I am fascinated by the story. It reminds me of how Tosca, (Susan and CioCio’s mother) removed herself from my abode. She was adamant that she was to be the Only Cat and she took it very badly that I did not evict her daughters when they were weaned. She moved down the street to another apartment, where I used to see her taking the sun on a nice “Window Bed” the new Slaves had provided for her. I’m sure they were happy to adopt her, as when she was scouting for new digs she was still sporting her shaved tummy and fresh spaying scar.

    We will be waiting with bated breath for the development of this ongoing news event.

    • I felt I had to provide a less tense alternative to coverage of the health care debate.

      Fergie is not too interested in showing other cats who’s boss — he wants to be buddies with everyone and will only fuff to indicate the limits of what he’ll take if another cat tries to hassle him. He’s a big boy, so it’s effective. Of course, unless I went the whole nine yards with Torvald and took him by the vet, I wouldn’t feel safe about even a gradual introduction, but I can let this acquaintance prosper through the sun porch jalousies for a while.

  2. Frankly, anyone with an indoor-outdoor unneutered cat should be fined. Heavily. You’d be doing Torvald’s humans (if they exist) and the entire neighbourhood a favour if you got him de-nutted.

    The idea of CE as a friendly stray made me laugh out loud. 🙂

    • I agree with you on the neutering issue. I have yet to understand why the feral cat trap/neuter/release stuff this being done by people is a good idea. Yes, it means they will not be able to reproduce. But the feral cat, which has been shown to be a significant predator of small mammals and birds, once caught should be confined and found a new home or respectfully and kindly euthanized. Releasing a neutered cat does not stop them from predating until they die.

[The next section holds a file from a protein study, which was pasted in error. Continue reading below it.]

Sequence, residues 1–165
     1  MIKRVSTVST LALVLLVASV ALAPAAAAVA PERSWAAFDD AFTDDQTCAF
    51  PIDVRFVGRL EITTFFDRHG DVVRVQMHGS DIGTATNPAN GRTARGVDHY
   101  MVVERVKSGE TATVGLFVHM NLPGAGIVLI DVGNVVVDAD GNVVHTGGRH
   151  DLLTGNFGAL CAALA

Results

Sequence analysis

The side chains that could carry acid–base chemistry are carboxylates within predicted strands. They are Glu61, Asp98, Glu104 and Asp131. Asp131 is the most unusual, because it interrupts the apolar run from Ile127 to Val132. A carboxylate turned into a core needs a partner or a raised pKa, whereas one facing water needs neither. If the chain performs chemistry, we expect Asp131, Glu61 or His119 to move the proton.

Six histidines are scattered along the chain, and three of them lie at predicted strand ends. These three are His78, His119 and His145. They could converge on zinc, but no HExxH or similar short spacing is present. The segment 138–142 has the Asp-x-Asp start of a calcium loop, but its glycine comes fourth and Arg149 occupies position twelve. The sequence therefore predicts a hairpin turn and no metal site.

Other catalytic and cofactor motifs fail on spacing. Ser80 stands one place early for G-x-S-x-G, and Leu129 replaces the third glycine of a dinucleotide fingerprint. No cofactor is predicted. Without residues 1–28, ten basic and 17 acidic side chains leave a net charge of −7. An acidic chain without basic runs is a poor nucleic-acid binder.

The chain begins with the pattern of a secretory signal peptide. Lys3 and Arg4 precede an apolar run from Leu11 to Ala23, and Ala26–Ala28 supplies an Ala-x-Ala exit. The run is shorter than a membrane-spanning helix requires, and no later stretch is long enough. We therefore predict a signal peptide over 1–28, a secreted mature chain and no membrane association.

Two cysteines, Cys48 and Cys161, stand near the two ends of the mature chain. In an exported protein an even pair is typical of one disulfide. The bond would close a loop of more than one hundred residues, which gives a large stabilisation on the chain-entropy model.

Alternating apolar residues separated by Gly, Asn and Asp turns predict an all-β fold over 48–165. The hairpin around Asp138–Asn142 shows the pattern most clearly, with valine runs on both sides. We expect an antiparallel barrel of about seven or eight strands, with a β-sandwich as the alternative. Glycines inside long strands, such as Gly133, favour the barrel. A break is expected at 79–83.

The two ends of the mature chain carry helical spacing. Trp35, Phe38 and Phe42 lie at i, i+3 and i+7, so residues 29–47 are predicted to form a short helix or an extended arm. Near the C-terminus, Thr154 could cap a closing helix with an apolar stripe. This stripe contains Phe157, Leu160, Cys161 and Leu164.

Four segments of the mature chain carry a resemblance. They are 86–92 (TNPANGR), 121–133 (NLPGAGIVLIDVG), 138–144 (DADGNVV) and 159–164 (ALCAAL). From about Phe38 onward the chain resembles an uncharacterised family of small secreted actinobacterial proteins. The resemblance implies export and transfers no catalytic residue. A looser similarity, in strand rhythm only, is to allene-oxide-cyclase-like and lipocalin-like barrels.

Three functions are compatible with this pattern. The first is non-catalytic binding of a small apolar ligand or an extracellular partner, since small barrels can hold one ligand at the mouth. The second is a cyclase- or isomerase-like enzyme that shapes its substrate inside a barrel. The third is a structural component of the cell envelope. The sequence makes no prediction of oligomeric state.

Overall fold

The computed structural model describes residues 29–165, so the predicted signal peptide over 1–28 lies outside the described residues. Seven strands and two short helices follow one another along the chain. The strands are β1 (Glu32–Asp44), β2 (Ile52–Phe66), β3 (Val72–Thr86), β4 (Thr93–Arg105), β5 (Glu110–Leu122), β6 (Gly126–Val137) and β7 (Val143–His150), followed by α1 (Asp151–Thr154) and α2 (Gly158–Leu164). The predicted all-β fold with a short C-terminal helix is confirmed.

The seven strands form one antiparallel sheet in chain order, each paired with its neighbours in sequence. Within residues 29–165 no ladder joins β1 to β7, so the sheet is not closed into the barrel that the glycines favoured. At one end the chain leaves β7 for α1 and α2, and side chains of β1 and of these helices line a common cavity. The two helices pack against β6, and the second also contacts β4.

• What’s the problem with them predating? Especially in urban areas that have plenty of mice and birds which are bothersome to the humans living there as they often wreak havoc in their homes and gardens. Better a few cat predators keeping things in check than using pesticides.

  3. To me, cats are sacred as no other animal is and I would have a hard time with that point of view — I know how much some people love birds and I can’t tell them not to feel that way, but to me they are just fungible feathered things that shit on my lawn furniture half an hour before I want to sit on it. Quite a few neuter-release advocates around here actually involve themselves with feral sanctuaries where there is a promising effort to relocate the cats to patches of semi-rural scrub where they can nonetheless have access to a group shelter and feeding stations. And one of them supports a small colony right behind the organic grocery I favor. That grocery has no rodent problems.

    • This is so true! When the new kitten came to live with me three weeks ago I thought I already had a name picked out for him … and the first time I used it I knew it wasn’t right.

      A day or two later his true name came to me … Loki, norse demi-god of chaos. Fits him to a tee.

  4. Pingback: Torvald, Again « Sixteen Tons